Below is a rough guide to foodie recommendations and a bite of what you could expect on a trip to Moscow. A helpful hint: do a little research prior to your trip and learn the names of key Russian dishes. Choose to dine in a Russian restaurant and, in the absence of a translated menu, gather up all your courage and request a few of those dishes that intrigued you in that pre-trip research. Place any worries aside: You aren’t the first traveler daunted by the Russian language … nor the last!
Na Zdorovie! — “to your health”, and S Novim Godom! – “Happy New Year!”
May you indulge in gastronomic delights and delicacies as you see in a prosperous 2014!
Zakuski, or starters
Smoked fish like trout, and herring pickled in a mix of vinegar, peppercorns, and sliced raw onions are essential zakuski.
Cheese, cold cuts, and black bread are served at breakfast; also as appetizers.
Beef Stroganoff: dating back to the Imperial years, this dish was prepared for tsars and gained its name from either Baron Alexander Stroganov in the early 1800s or Count Pavel Stroganov.
Pelmeni — these are boiled minced meat dumplings and very tasty when dipped in a mixture of smetana (sour cream) and khren (horseradish).
Piroshki — pie-like buns that, when bitten, reveal savoury fillings such as meat, or cabbage, or fish, or mashed potato with mushroom. A snack that I fully indulged in during Moscow’s wintry days.
Blinchiki are pancakes/crepes and tastiest when filled with the luxury that is black sturgeon caviar — Ossetra, Beluga or Sevruga — or red salmon caviar, along with sour cream. Roll the crepe up and enjoy to the pops of salt mixed with creamy-sour goodness.
Soups, Salads, and Sides
Pickled sides can include mushrooms, cabbage, cucumbers, and/or tomatoes.
Borscht — a soup painted red for its chopped beetroot; made with shredded cabbage, carrots, chopped potatoes, and even meat. The soup below contained lingon and/or cranberries giving it a slightly sour-tart taste.
Hailing from France is the popular Salat Olivier, a mayonnaise-based concoction of diced ham or chicken, eggs, carrots, potatoes, and pickles. It’s best enjoyed with a few slices of black bread. (I didn’t try it on this trip).
Desserts and baked goods
Croissants and cappuccinos — the French and Italian influence is alive and well. Mum and I couldn’t resist dining at this outpost of Le Pain, located on the old Arbat.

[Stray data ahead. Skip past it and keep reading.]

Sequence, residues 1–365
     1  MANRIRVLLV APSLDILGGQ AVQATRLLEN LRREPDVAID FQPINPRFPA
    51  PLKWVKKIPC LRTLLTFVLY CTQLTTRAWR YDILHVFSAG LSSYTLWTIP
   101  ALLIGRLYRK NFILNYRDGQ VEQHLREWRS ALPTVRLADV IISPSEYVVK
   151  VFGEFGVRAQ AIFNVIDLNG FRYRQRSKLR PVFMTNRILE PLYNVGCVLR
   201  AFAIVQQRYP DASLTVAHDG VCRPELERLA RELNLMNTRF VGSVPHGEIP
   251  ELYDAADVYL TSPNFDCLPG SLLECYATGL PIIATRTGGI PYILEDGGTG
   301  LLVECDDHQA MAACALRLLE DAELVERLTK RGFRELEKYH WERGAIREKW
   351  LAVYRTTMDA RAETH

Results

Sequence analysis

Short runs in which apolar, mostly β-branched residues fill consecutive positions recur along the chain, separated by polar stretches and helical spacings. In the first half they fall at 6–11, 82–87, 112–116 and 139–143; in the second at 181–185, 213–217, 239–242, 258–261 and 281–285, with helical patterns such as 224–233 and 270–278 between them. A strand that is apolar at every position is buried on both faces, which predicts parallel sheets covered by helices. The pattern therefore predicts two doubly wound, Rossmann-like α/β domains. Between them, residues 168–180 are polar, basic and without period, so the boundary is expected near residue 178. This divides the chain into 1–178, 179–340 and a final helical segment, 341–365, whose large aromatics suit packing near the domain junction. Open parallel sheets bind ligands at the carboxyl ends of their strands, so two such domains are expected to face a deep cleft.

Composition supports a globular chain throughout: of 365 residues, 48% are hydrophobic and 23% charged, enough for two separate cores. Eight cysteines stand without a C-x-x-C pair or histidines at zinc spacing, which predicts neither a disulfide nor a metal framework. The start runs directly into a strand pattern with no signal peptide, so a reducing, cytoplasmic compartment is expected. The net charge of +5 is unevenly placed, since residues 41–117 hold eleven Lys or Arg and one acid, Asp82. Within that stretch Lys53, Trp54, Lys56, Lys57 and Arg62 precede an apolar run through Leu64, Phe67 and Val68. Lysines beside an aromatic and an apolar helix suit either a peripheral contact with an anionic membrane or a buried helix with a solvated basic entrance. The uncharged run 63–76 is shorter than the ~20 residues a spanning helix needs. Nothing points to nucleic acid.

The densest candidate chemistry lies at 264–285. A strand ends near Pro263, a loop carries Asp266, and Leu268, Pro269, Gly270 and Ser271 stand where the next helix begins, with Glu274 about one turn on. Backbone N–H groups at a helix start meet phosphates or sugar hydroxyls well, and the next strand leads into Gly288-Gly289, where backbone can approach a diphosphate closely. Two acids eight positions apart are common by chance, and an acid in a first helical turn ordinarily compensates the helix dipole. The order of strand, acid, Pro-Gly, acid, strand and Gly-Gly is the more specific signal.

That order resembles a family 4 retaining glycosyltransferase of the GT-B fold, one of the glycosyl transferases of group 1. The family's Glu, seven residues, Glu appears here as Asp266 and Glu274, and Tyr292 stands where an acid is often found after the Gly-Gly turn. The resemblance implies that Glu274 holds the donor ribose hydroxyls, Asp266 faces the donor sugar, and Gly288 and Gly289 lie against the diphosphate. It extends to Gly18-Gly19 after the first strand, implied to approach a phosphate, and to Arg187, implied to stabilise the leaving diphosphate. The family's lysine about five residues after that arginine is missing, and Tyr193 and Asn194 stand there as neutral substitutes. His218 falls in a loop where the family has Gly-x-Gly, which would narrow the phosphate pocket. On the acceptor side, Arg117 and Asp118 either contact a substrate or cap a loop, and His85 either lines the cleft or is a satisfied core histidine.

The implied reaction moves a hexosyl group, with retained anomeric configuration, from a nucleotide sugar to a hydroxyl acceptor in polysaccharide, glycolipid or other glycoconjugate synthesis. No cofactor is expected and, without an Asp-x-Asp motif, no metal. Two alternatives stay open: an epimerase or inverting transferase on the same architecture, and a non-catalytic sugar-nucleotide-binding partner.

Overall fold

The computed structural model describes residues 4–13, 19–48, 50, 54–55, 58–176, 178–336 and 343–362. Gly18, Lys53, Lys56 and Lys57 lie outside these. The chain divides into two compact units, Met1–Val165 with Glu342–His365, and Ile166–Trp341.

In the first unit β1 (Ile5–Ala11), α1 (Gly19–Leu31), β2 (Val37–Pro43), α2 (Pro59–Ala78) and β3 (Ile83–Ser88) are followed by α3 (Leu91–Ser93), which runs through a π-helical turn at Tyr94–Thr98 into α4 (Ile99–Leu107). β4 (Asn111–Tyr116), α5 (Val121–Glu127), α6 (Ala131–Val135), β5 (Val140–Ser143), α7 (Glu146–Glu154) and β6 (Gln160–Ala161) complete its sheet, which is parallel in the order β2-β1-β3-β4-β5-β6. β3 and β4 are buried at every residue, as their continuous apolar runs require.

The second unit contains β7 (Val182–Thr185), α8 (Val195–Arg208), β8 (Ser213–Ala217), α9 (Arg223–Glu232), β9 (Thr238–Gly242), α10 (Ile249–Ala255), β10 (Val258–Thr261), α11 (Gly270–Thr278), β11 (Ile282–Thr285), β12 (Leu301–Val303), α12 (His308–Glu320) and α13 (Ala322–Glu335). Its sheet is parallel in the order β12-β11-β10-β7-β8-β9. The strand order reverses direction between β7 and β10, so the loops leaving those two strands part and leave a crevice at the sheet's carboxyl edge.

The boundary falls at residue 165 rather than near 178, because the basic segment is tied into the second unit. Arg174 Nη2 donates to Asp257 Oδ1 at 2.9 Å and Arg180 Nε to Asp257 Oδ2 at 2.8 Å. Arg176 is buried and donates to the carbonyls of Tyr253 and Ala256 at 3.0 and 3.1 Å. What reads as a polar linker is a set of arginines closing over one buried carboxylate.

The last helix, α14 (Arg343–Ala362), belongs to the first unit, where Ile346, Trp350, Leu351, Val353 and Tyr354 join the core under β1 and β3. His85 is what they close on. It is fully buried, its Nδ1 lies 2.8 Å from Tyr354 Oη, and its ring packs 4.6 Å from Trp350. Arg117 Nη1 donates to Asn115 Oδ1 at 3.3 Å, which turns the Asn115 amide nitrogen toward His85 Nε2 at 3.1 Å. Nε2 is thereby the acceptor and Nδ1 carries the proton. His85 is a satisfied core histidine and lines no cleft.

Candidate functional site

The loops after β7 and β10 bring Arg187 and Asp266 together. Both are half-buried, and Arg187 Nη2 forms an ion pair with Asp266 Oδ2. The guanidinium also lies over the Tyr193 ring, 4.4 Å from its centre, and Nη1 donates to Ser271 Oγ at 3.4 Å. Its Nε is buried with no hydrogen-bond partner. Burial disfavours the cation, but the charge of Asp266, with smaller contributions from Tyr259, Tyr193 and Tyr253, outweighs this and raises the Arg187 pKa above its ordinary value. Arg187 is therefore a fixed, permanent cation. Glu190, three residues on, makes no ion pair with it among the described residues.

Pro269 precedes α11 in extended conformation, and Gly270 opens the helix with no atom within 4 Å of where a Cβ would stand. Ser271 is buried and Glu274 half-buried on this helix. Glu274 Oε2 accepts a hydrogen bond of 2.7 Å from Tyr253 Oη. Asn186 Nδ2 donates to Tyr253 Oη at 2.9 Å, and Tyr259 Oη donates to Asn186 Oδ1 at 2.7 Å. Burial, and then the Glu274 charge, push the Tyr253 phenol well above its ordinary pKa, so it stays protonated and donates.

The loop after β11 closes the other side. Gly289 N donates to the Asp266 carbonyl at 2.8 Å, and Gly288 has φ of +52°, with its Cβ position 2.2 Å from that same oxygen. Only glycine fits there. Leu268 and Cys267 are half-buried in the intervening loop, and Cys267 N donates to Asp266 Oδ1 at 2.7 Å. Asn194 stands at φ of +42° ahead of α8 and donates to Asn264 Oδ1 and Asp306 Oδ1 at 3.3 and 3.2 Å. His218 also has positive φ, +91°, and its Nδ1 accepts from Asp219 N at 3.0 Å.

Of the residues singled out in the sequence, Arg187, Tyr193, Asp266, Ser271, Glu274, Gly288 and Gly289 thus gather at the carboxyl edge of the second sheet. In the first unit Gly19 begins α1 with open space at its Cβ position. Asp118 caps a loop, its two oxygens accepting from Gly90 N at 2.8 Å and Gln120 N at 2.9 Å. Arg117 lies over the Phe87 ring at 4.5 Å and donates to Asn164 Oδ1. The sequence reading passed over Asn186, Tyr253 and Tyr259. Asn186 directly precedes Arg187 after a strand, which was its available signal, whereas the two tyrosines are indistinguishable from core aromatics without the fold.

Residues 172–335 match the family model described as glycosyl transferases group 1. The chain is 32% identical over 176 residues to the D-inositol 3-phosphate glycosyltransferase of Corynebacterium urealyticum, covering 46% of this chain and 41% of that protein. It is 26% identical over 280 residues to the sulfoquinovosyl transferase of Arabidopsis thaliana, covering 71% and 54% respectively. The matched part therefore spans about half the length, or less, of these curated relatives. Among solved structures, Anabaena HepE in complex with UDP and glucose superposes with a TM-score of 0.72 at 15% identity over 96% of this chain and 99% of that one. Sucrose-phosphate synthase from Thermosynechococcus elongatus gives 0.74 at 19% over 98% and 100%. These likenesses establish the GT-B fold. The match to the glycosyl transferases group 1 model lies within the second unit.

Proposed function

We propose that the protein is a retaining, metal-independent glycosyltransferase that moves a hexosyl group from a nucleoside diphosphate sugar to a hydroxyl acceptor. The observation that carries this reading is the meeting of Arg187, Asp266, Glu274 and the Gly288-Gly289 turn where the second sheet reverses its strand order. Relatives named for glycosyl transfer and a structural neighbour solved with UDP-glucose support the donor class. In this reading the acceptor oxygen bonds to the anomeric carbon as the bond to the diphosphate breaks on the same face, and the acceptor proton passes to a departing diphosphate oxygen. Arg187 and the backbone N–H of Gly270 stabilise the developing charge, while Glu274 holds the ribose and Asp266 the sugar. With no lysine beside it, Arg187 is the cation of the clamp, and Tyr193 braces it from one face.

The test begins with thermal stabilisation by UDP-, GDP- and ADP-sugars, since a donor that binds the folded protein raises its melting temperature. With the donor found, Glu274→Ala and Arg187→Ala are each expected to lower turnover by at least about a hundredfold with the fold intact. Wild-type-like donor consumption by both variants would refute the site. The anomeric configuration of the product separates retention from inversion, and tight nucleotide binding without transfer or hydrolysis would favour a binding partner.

Syrniki — these fluffy fried cheese pancakes are made of cottage cheese and egg; topped with sour cream, jam, and/or honey.
Vatrushka — pastry marked with a middle of hearty baked cottage cheese (sometimes includes raisins).
Sochnik — pastry folded around cottage cheese.
Moscow dining and foodie recommendations:
Bochka restaurant — for traditional Russian food. Also owners of the oft-reviewed Café Pushkin. http://www.vbochke.ru
Acapella Restaurant, Swissotel Krasnye Holmy Hotel — an excellent Russian set menu. http://www.swissotel.com/hotels/moscow/dining
Shokoladnitsa — seems to be modeled after Max Brenner, it’s easy for travelers to select from a menu of salads, pancakes, desserts and coffee. http://www.shoko.ru
Azbuka Vkusa — translated as “Alphabet of Taste”, this is chain of gourmet, pricey supermarkets located across Moscow. Open 24 hours.
Smolensky Gastronom – a well-stocked gourmet supermarket located on the Old Arbat, close to the entrance of the Smolensky metro.
Produkti Cafe and Bar — translated as “Products”, a name usually reserved for grocery stores, this is a hip dining spot on the island that housed the former site of Krasny Oktyabr’ (Red October Chocolate Factory).
*Natasha’s Dance by Orlando Figues
–Many restaurants in Russia cater to smokers so ask for the non-smoking section if this is your preference.
–Tipping is at the diner’s discretion though it’s advisable to leave around a 10% tip as gratuities make up the bulk of the waitstaff’s wages.
–Lent takes place during March and April and this may mean some places serve fish instead of meat, and no dairy, eggs, milk and cheese. But in Western hotels and restaurants, this shouldn’t be an issue.